Someone suggested I adopt the 5/3/1 Strength Training Program which is ultimately what led me to buy and read the kindle edition of Jim Wendler’s book Beyond 5/3/1: Simple Training for Extraordinary Results.
To back up a bit, after the suggestion was made, I did some research and prepared myself as best I could, actually got started, but ultimately decided (sort of) to postpone using the program because I still was doing squats and deadlifts (as well as the overhead press and bench press) all wrong and I was continuing to injure myself.
However, after my first day with a personal trainer in my attempt to correct my deficits, I realized I would need to practice what I was learning between different training sessions. Hence, I continued to (sort of) follow week one of my beginning 5/3/1 program over and over again.
Stupidly between training session two and three (three comes up tomorrow morning), I re-injured my back again doing rack pulls too heavy and with poor form, so my re-entry into the world of 5/3/1 may be even further delayed.
In the meantime, a sore back doesn’t mean I can’t read, so I plunged into Wendler’s e-book on my Kindle Fire.
I can’t say the book isn’t filled with terrific ideas and programs for anyone from the novice to the professional competitor, but for a guy like me, it was a little (OK, more than a little) on the side of overload. There are so many variations to 5/3/1 and beyond that although they’re all based on the four basic lifts, Squat, Deadlift, Overhead Press, and Bench Press, I’ll never run out of different says to build both size and strength.
Well, that might be true if I was 21, or 31, or 41, or maybe even 51, but at 61, and with a lower right lumbar area that tweaks out on me on an all too regular basis, I don’t see how I’d be able to make use of all of the different programs Wendler lays out.
After a while, as I continued reading, I could feel my brain turn off. All I really need at this stage is something simple and straightforward to organize my weight sessions around.
The up side to all this is that, assuming I recover from my injuries, don’t injure myself again, and I’m able to advance, I’ll have a reference I can go back to again and again to refine my workout program and try new things.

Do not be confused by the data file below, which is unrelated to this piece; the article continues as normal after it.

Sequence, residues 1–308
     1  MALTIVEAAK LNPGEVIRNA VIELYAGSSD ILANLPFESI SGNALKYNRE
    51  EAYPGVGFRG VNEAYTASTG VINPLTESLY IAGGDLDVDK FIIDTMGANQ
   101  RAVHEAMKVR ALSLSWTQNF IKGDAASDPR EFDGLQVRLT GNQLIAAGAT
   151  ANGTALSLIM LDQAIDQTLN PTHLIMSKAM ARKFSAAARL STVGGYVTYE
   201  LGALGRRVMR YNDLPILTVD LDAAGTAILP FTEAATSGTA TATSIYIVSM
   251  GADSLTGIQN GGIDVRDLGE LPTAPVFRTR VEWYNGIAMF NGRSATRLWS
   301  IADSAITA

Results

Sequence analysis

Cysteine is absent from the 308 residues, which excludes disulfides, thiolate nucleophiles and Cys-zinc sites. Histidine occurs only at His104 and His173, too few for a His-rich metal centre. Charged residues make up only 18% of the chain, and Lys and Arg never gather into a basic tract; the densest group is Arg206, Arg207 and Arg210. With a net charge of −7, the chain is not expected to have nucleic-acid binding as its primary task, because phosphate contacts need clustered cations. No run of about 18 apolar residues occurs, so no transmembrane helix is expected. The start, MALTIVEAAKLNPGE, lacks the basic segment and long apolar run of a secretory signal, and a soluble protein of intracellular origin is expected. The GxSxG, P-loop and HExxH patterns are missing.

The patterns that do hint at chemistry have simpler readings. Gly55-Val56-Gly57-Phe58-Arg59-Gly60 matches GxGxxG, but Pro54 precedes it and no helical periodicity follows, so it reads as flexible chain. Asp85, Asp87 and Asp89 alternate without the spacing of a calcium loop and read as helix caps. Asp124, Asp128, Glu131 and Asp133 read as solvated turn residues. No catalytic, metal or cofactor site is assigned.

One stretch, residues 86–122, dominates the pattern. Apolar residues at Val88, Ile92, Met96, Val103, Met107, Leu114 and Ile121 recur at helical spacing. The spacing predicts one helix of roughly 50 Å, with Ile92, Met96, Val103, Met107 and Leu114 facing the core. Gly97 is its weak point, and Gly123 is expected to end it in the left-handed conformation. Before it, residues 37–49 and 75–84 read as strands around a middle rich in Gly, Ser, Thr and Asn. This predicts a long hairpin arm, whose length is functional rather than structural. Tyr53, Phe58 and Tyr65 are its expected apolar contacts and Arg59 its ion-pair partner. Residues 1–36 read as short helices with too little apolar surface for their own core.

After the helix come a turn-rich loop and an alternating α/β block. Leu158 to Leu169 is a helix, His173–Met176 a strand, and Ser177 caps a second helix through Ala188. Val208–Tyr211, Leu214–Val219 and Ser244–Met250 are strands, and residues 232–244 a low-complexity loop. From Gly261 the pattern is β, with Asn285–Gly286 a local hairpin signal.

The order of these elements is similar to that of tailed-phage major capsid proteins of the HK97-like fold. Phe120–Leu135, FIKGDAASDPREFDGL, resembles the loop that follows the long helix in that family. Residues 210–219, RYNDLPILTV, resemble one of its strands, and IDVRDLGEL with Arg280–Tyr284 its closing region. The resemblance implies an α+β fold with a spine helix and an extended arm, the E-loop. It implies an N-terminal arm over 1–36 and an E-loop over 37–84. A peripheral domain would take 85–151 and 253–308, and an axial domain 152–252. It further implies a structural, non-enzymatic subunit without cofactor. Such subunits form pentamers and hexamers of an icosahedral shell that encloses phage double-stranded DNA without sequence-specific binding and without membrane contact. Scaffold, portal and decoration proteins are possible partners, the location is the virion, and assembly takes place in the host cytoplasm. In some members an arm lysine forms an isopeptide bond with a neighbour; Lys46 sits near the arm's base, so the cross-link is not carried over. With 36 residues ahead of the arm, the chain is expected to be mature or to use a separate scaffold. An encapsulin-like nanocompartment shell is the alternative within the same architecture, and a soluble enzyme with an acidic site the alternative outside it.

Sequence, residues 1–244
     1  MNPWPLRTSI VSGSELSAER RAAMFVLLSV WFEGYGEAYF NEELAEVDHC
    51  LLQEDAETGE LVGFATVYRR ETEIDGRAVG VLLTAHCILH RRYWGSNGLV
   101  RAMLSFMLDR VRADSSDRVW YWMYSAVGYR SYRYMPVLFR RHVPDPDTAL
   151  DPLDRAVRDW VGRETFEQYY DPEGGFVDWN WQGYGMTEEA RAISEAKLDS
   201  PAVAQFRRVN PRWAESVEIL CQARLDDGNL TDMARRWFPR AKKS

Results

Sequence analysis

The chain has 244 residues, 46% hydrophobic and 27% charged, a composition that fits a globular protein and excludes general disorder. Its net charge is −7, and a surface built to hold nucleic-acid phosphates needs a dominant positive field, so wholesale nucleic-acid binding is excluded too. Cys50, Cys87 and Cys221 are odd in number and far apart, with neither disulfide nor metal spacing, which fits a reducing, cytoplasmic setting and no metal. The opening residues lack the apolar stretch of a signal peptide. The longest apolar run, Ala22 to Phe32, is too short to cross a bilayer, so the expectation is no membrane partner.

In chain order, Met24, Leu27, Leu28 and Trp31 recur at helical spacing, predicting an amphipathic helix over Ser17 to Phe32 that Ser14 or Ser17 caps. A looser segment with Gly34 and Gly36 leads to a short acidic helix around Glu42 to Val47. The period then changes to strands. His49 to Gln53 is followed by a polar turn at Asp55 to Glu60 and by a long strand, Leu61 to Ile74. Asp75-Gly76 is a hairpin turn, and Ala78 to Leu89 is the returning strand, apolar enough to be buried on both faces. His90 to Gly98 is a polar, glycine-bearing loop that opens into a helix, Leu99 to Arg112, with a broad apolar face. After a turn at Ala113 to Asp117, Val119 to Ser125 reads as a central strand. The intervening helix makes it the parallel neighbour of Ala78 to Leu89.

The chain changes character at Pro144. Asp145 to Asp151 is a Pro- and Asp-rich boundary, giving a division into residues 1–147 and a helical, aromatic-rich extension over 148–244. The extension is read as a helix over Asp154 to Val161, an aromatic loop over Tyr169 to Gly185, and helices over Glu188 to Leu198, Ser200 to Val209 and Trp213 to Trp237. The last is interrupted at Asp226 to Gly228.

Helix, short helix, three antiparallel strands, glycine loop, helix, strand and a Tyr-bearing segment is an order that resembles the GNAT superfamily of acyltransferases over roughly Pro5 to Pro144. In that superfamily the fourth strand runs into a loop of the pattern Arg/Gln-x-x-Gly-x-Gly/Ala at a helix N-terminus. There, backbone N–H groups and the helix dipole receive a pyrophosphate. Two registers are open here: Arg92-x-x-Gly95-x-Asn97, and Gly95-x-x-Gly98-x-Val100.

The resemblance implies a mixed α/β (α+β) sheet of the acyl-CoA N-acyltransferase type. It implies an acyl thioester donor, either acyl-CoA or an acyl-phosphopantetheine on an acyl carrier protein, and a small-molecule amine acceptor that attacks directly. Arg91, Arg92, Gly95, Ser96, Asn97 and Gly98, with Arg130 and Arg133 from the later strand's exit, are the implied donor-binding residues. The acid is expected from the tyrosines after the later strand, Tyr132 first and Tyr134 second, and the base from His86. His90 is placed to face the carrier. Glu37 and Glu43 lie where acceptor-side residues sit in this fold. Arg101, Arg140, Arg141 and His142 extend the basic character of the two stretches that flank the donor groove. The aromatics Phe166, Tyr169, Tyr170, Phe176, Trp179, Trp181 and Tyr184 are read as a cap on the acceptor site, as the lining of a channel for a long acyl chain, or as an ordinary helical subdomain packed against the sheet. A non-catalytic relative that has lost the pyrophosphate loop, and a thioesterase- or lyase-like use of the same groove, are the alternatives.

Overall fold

The down side is that I’d have to be a testosterone driven gorilla to be able to do it all…a young testosterone driven gorilla.
After finishing Wendler’s book, I looked at a number of different reviews at Amazon, and several said the same thing: great information, but lacking organization.
I think that’s why my brain kept shutting down as I got past about the first two-fifths of the book. There was no way to construct a cohesive progression of workouts based on how Wendler presented his information. It’s apparent that he knows his stuff forward and backward, but I think he could have used more editorial assistance when writing.
My takeaway, particularly as someone with little to no experience with the 5/3/1, is to use the core program I already constructed based on numerous sources including Wendler, become proficient (if at all possible) and then re-evaluate my progress.
I was struck by how the program includes both hypertrophy and strength training aspects. It’s one of the big reasons I was originally attracted me to Hugh Jackman’s workout when he was preparing to act in his 2013 film The Wolverine. I adapted his original program for my own use and eventually, after three cycles, hit a functional deadend.
I realize now that a large part of that deadend was a lack of good form and the inability to create and maintain a neutral spine throughout my lifts. Even being able to lift relatively heavy weights produces limited results if you’re doing those lifts wrong. If I had decided to hire a personal trainer months ago, I might be a lot further along toward my strength building goals than I am right now.
A common thread running through the dizzying array of workout programs Wendler’s book presents, is that they are all aimed toward getting the people using these programs to grow big and get strong.
I suspect that beyond Wendler, that are a large number of strength training variations that, one way or another, address these same two basic targets.
Yes. It contains enough essential info to orient a person toward the 5/3/1 and strength training. Just keep in mind that your experience with the book’s organization (or lack thereof) might be a lot like mine and some of those who chose to write reviews on Amazon.
If you want to find out more, visit JimWendler.com.
People laugh and call me lazy, while they twit around in their three-hour workout making zero progress. Sometimes, instead of what you do in the weight room, it’s what you don’t do that will lead to success.